Well, by who is it limited? And if they can limit it, then they are the government are they not? Or is this the shareholders? in which case why the “we should”? There is an evasiveness here that is typical, and I have mentioned that the concept of a constitutional sov corp is inherently retarded before.
If we are proposing a monarchy, by the aristocrats, one would think.
As you can see above, my faith is not in Systems — such as the Constitution — but in quality of individuals.
The final paragraph is the icing on the cake, in that it is clearly outlining anti-government libertarianism, which is impossible to square with monarchism except in the overall spirit of obtaining liberty.
This seems to assume that monarchism creates a government. It does not; it creates a hierarchy and power structure, within which there are some functions like that of government.
I find zero value in liberty, freedom, equality and other popular terms because they are clearly manipulative. Like the term “free will,” they create an unbounded (and thus attractive) definition out of a simple thing.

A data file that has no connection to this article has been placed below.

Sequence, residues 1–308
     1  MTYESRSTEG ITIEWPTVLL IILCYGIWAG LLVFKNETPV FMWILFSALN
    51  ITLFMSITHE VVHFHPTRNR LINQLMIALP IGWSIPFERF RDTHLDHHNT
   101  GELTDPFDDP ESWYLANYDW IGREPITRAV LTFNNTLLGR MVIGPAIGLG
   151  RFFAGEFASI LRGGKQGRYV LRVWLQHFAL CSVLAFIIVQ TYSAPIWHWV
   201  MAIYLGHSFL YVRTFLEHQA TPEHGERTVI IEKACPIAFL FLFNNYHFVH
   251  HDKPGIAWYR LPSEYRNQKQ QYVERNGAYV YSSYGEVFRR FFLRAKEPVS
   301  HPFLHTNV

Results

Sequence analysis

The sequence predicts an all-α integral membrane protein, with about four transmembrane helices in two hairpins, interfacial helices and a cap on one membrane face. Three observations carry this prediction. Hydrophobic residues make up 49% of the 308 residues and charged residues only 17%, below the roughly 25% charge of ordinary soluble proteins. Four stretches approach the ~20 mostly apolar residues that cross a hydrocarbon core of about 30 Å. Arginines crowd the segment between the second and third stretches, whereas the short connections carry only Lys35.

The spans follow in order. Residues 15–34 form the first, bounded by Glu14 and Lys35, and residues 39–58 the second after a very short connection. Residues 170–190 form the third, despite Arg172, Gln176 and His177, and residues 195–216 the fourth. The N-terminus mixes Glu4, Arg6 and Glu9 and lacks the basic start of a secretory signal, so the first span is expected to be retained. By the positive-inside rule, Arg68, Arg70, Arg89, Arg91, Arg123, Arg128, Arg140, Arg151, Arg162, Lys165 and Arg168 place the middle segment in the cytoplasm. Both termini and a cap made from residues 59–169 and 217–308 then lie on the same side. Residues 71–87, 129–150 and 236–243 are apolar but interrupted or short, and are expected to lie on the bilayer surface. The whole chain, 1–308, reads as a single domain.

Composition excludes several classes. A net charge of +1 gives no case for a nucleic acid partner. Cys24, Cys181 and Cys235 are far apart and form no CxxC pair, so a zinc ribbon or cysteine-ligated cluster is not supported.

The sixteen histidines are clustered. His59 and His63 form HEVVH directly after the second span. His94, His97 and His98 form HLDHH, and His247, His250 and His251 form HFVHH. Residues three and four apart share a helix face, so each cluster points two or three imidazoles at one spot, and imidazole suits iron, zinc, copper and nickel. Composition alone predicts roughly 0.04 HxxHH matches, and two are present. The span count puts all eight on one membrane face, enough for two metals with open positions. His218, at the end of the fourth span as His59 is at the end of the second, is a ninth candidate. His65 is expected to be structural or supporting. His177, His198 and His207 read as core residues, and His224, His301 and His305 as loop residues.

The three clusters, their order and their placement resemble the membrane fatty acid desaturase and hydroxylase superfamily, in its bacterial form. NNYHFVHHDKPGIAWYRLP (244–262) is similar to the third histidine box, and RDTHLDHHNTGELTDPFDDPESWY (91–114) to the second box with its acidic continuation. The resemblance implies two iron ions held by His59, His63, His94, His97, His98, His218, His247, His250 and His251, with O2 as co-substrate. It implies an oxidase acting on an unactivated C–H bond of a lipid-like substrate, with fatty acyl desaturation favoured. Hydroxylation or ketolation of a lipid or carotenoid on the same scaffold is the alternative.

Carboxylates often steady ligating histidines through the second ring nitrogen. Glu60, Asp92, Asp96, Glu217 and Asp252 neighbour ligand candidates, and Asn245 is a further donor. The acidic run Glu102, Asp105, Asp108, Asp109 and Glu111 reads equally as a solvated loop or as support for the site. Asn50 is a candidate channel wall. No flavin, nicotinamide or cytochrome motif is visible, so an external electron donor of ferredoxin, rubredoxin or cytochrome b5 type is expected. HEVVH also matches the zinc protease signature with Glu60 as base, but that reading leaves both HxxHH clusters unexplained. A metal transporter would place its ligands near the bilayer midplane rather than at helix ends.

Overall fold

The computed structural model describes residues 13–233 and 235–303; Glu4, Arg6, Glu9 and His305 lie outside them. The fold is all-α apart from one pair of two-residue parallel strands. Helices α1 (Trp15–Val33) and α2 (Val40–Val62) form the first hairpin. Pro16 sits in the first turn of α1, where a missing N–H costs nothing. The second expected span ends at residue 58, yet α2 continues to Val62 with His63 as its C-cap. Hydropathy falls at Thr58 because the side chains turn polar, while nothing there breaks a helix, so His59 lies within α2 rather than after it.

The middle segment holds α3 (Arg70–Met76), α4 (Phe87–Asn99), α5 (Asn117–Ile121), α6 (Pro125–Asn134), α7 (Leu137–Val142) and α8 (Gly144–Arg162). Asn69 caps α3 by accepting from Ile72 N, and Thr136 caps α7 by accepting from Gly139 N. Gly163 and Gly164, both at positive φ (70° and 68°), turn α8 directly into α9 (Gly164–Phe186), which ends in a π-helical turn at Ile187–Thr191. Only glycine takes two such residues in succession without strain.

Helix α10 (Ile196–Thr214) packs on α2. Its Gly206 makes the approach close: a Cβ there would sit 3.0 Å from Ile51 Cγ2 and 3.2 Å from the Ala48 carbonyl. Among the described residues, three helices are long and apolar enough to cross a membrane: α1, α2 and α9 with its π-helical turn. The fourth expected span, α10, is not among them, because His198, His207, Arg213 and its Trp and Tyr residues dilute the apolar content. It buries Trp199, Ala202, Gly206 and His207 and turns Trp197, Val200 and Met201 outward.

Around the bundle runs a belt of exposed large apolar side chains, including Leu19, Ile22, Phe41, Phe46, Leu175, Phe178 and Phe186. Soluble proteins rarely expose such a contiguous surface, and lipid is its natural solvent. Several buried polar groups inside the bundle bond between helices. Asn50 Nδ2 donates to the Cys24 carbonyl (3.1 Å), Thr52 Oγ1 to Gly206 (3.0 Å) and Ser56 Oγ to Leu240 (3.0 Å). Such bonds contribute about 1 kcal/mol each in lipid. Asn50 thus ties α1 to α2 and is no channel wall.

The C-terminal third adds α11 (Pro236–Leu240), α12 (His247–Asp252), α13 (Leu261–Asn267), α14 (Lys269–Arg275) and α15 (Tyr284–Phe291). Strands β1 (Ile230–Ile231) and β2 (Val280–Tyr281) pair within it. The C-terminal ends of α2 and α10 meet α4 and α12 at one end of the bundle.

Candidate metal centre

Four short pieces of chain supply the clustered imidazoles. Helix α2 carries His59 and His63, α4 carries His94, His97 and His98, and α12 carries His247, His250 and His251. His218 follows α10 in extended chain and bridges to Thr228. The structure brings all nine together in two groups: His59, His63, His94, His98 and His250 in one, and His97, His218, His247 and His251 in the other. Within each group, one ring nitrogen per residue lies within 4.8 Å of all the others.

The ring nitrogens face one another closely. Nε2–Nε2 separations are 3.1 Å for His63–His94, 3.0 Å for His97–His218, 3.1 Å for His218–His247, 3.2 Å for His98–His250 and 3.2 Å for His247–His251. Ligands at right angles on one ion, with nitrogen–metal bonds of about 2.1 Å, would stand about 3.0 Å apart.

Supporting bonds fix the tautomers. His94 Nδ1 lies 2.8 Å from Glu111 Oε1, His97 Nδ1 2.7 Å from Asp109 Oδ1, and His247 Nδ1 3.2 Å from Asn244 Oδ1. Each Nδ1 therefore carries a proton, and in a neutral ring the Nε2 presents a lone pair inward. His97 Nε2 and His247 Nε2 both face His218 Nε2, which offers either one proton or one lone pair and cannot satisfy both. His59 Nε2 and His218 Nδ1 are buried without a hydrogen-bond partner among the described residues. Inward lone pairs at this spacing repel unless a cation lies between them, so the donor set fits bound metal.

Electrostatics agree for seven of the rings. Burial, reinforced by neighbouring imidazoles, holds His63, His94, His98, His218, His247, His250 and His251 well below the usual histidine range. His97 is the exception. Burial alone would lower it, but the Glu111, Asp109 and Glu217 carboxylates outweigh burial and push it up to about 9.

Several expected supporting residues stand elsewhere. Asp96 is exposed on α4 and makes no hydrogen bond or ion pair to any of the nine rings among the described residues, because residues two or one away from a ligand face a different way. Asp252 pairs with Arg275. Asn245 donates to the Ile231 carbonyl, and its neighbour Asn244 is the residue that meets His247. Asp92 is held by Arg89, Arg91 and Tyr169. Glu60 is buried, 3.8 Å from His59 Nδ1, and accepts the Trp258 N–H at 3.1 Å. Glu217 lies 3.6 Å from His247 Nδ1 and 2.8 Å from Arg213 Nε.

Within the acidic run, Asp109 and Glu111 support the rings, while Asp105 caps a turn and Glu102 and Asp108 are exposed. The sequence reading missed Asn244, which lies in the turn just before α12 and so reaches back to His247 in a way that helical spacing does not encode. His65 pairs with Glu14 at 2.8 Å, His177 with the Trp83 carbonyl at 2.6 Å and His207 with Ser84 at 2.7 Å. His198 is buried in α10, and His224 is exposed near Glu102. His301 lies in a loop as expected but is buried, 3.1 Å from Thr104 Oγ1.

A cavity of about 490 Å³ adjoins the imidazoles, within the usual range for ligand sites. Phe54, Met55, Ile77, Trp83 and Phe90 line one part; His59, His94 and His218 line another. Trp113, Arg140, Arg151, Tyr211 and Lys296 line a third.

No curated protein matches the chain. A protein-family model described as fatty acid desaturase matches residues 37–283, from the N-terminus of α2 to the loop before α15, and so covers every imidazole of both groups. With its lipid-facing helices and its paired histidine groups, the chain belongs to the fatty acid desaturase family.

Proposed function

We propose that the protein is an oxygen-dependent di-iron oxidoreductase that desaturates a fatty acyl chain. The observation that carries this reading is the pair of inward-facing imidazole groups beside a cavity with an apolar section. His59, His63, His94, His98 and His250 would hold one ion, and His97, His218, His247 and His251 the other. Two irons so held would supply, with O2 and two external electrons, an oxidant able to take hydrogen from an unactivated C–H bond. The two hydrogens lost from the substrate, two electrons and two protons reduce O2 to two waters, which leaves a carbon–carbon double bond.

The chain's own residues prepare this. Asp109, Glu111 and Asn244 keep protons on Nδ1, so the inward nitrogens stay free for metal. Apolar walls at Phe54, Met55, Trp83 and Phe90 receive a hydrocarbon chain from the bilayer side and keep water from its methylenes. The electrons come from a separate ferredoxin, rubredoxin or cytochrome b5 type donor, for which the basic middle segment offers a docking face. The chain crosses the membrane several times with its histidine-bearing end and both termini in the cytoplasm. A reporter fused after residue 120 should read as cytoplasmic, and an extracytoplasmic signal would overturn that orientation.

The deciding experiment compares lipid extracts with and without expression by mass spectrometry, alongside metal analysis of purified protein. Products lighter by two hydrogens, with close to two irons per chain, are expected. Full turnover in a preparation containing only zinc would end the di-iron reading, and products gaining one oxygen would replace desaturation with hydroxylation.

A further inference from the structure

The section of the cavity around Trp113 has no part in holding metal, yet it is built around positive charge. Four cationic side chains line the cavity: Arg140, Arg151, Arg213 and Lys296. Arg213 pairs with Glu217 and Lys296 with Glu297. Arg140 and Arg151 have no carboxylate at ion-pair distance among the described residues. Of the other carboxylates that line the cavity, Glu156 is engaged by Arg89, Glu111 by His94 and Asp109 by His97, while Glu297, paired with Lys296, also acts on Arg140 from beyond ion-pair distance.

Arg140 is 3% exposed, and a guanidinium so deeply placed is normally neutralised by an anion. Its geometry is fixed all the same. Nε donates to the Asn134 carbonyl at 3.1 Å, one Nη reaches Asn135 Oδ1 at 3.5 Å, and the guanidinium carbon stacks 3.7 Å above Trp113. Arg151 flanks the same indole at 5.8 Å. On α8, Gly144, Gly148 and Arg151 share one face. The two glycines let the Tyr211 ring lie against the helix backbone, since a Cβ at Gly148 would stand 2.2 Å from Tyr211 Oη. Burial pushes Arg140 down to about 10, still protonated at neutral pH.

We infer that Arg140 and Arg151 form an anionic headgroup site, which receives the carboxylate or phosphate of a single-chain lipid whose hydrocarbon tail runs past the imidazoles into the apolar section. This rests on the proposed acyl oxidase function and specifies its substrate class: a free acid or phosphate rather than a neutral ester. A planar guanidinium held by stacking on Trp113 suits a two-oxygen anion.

Do you want liberty and freedom? No: you want non-interference when you are engaged in activities that are not destructive. We can put activities in three camps: helping the goals of civilization, working against those goals, or not helping or hurting (the widest category, which includes both innocuous activity and useless activity, which technically is closer to hurting than helping). An intelligent civilization encourages the first category, exiles anyone engaged in the second, and ignores — neither rewards nor censures — the third. That is what we unconsciously desire when we say “liberty,” but the term liberty is a begging-the-question argument in itself. It demands we address a question — that of liberty — without any necessity of doing so, and by that mechanism, imports itself into the political discourse. But if it is unnecessary? Then it, too, is parasitic.